Czech Transparency International urged Brussels to investigate Czech PM Babis over conflict of interest

Czech Transparency International urged Brussels to investigate Czech PM Babis over conflict of interest
Czech Transparency International urges European Commission to investigate PM Babis
By bne IntelliNews September 20, 2018

The Czech branch of Transparency International (TI) urged the European Commission to launch an investigation into graft allegations against the Czech populist Prime Minister Andrej Babis (Ano). TI claims that Babis is in a conflict of interest over his agricultural empire Agrofert.

Transparency said that Babis is in fact still the owner of Agrofert, which at the same time drew a significant amount of money from the EU budget.

TI said earlier, in June, that Babis is still the controlling shareholder and beneficial owner of Agrofert that used to belong to Babis until February 2017.

Babis, who is under investigation for fraud relating to EU funds. transferred Agrofert into a trust fund, but it is clear that Babis is still in de facto control of the company.

“On one hand he is sitting in EU meetings, where he decides about subsidies that will end up in his pocket,” said David Ondráčka, director of Transparency International in the Czech Republic as cited by the Guardian.

“And at the same time, he uses these subsidies to fund his political career, where he is dominating over his opponents,” he said.

Babis responded to the Czech News Agency (CTK) that all the allegations are false, and TI is just part of the political fight.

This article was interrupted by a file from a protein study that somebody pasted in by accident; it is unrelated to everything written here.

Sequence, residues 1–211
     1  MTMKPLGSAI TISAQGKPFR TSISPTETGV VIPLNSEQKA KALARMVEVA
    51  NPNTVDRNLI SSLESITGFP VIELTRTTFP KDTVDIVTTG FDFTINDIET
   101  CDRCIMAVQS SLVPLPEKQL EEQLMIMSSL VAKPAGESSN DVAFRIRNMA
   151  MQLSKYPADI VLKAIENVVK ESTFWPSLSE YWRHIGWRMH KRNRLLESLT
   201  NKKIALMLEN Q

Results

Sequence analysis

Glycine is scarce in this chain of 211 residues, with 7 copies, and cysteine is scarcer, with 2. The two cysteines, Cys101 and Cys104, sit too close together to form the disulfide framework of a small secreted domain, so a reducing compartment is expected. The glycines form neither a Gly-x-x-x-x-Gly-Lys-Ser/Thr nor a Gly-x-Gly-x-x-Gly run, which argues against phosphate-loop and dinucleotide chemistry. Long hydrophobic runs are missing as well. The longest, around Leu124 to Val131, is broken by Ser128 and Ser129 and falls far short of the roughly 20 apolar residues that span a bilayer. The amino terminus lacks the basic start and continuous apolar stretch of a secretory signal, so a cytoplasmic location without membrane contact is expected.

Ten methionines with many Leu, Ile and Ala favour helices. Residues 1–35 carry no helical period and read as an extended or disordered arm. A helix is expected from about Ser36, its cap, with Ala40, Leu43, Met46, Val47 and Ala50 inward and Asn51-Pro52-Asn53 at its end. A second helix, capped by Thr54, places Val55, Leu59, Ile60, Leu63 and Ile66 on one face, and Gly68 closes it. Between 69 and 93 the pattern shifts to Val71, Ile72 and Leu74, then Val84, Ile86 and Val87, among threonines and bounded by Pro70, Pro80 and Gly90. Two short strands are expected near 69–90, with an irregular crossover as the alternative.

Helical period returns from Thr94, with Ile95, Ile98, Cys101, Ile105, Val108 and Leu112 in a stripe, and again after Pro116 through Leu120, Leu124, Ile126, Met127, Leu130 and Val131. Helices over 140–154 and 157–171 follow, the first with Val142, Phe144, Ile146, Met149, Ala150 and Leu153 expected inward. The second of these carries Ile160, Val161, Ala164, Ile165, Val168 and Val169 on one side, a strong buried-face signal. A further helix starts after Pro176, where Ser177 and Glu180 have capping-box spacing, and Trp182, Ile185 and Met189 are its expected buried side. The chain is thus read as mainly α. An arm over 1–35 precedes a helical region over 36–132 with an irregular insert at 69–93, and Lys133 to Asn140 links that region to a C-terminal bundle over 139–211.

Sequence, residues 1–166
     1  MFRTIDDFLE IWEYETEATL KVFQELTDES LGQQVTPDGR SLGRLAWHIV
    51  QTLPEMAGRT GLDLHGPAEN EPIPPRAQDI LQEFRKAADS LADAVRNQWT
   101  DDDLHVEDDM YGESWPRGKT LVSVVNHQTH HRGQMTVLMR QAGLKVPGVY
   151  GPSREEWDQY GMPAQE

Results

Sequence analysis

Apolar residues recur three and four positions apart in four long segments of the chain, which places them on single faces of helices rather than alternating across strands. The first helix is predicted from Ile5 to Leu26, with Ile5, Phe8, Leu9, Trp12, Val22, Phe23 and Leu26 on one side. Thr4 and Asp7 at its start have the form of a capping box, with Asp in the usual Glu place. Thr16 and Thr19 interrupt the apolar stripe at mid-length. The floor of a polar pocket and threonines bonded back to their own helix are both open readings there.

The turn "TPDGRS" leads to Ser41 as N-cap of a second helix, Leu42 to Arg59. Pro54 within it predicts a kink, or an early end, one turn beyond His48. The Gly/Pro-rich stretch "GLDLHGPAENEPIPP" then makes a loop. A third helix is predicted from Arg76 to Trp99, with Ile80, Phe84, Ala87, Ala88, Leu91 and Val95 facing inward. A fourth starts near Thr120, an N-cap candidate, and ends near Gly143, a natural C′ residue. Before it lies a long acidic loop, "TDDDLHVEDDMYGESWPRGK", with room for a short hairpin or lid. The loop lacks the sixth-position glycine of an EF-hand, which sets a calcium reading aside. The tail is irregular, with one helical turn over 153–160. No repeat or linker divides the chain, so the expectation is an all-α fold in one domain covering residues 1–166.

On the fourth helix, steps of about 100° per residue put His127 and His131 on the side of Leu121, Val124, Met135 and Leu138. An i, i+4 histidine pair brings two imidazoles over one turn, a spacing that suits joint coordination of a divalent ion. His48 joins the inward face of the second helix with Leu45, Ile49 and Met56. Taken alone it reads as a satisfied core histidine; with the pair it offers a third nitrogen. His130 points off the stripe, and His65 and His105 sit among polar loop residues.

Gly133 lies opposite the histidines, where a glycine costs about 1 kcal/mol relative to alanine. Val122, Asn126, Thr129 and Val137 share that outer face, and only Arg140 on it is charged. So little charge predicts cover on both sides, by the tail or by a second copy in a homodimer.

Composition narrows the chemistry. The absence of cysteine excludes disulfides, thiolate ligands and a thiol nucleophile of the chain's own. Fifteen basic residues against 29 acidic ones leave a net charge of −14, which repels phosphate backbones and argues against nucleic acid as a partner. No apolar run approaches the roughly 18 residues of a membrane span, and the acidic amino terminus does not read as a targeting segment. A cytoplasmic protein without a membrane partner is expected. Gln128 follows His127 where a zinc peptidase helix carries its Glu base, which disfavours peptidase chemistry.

“TI doesn’t have any evidence that I could influence the company [Agrofert], because they just can’t have them, this is not happening. I am respectful of the laws and I don’t pay attention to my previous company. I don’t even have time,” Babis wrote to CTK.

But Agrofert is still big recipient of EU money. Parts of the company have received the largest possible amount of EU subsidies (CZK75mn) to support innovation and the production of cheese as well as for “optimization and innovation of the jointing and packing process of poultry.”

“Given that the European Parliament has previously decided that firms owned by the politicians should not receive EU subsidies, there is a question of whether Agrofert’s eligibility to use public funds should be re-examined,“ said David Ondráčka earlier.

Agrofert is the number one company in agriculture and food processing industry, number two in the chemical industry, and a very important player in the forestry industry and media. It employed 33,000 people in 2017.

Part of the concern is also Mafra, a publishing house that owns popular newspaper titles including Lidove Noviny and MF Dnes, which is also part of the empire.